-people who APPEAR to be moving way more than the music would suggest (they make me want to check and see if they are listening to something on their iPod that is different from the music in the house)
    -song lyric pray-ers (I dunno why, but it is SO distracting for me, I start to laugh)
    -bad mixes (as a sound guy, I am def. TOO critical of this, but if it sounds bad, all I can think about is what I would do different. 90% my problem.)
    -bright rooms (If I can see, I start looking around, hard to focus in.)
    -RF interference in my in-ears (that one was for you Fred.)

    Travis Pauldings last blog post..Get In The Game Intro Video

  23. If our hearts aren’t right, and we aren’t regularly taught and reminded of not only who God is and why we worship, but what worship is and how to do it, any of us can and will find ourselves distracted by a great number of Godly, Biblical expressions of worship, which should still be encouraged, because God tell us to do them. Apart from those, however…

    I do find bright rooms distracting at times – or, if not exactly ‘distracting’, at least a minor barrier to focusing my attention…

    Expressionless faces (and someone doesn’t have to be going wild to have an expression, but you can usually tell if someone is engaged or not) singing or saying something that should have their whole heart behind it SERIOUSLY throws me out of passionately pursuing God during worship (which is why I close my eyes so often) – my heart says, “WHAT? Are we not worshiping the same God? My God’s AWESOME!”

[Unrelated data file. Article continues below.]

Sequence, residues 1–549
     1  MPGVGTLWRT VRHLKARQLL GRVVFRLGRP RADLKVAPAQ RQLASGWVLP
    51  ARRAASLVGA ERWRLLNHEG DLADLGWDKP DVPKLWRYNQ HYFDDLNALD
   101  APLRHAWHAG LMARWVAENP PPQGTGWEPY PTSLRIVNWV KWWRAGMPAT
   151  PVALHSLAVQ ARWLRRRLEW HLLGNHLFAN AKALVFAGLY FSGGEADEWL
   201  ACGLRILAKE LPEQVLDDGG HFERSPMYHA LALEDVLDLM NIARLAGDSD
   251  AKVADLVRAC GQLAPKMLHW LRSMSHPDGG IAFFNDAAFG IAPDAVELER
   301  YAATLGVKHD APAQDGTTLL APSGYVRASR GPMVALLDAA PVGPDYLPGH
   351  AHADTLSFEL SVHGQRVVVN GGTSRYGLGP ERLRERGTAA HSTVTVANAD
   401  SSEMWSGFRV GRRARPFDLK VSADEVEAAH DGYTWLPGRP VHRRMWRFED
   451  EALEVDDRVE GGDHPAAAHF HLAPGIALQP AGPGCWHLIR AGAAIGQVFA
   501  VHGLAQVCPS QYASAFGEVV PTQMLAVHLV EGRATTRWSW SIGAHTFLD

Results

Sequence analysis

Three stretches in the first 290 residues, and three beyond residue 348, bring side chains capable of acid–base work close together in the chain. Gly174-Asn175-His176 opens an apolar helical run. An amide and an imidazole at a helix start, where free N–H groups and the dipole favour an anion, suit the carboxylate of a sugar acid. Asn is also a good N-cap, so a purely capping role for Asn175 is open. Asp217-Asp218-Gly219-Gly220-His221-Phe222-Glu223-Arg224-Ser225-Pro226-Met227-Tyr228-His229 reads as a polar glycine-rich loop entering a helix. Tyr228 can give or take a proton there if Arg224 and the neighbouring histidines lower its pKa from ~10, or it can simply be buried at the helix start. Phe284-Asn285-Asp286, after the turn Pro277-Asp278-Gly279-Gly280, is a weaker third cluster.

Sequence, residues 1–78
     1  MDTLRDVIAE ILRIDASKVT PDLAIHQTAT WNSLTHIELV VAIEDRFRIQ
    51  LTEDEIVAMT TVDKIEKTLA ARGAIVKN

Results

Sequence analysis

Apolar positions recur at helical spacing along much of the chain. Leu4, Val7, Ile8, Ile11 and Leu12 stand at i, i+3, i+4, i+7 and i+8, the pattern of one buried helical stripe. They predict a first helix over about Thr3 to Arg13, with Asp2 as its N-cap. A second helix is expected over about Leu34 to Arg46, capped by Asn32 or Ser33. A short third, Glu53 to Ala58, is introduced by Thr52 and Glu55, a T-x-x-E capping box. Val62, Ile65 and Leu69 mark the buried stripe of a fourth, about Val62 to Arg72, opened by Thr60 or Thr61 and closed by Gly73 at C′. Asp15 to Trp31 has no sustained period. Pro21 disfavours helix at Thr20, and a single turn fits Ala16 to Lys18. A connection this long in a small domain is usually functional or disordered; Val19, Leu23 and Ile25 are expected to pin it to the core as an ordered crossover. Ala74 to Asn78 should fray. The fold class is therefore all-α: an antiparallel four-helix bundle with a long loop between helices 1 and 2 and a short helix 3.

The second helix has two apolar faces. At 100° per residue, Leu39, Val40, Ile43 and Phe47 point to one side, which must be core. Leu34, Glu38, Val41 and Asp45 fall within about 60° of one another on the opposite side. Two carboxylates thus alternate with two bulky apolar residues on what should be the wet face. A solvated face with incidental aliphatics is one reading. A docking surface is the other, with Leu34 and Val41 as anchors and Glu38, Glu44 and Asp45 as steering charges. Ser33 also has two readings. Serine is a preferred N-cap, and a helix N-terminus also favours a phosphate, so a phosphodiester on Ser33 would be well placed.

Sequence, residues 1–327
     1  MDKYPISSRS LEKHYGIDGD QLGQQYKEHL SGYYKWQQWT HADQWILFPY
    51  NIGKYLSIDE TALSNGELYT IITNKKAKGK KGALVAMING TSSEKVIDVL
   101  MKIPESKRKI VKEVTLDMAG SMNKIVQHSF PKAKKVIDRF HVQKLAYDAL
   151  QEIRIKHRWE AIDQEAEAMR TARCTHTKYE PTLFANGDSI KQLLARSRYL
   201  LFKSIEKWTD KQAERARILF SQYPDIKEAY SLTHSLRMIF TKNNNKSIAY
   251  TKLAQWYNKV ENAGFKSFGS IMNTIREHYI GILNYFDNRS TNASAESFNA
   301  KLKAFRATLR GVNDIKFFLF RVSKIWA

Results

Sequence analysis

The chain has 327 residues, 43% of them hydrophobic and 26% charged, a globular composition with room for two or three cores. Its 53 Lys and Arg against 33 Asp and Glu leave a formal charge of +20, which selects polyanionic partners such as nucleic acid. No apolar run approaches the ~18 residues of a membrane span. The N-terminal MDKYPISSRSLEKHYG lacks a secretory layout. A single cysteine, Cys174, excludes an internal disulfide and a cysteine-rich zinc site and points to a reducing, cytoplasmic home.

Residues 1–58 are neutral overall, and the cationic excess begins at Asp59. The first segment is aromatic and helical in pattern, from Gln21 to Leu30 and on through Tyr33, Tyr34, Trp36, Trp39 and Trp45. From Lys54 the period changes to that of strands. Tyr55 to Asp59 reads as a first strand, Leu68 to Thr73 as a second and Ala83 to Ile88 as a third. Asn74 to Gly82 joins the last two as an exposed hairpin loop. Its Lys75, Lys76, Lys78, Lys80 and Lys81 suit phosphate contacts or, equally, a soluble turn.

Can’t think of many others… I think I’d like to see a follow-up blog, however: what ENCOURAGES your to worship God? Hmm… maybe I’ll post that one tomorrow? 😉

    That’s two biggies…

  24. rhoy pamparo says:

    skimming through the comments, it seems pretty evident that most of the distractions are on a personal preference basis. if you’re not focused on God, then you will be focused on other things such as distractions. great post!

    rhoy pamparos last blog post..We Believe Quicktake by Rhoy Pamparo

  25. I can usually close my eyes and worship no matter what…but when I lead a few things are distracting. If I’m not clean before God…I am distracted and not worshipping as I should or could. Sin is a big distraction for a leader or anyone in the seats.

    I was at a service though twice where a lady insistd on sitting in the front row with flags. No one else had any…but during one song she got out one flag and did all these certain motions. On the next song she started waving both flags all over. You could see everyone just watching her and very distracted. The stage wasn’t high off the ground so your only choice was to see her. That was distracting.

    Good question Fred!

    Jennifer Griffins last blog post..Nasty Church Trend

  26. One more thought before bed, as it relates to the hypothetical questions Fred faces (in response to Russ): what one is called to do as an individual is quite often different from what one is called to do as a group, particularly in the Bible. For instance, Biblically we are called – as individuals – to turn the other cheek, but the Bible gives clear examples of – as a nation – of measuring out capital punishment (i.e. – the death penalty) and examples of God-endorsed wars. Is it quite possible that we are, as individuals called to be all things to all people, but as a body of believers our primary goal is, first and foremost, to build up believers – though not losing an awareness of the ‘less mature’ among us? Maybe…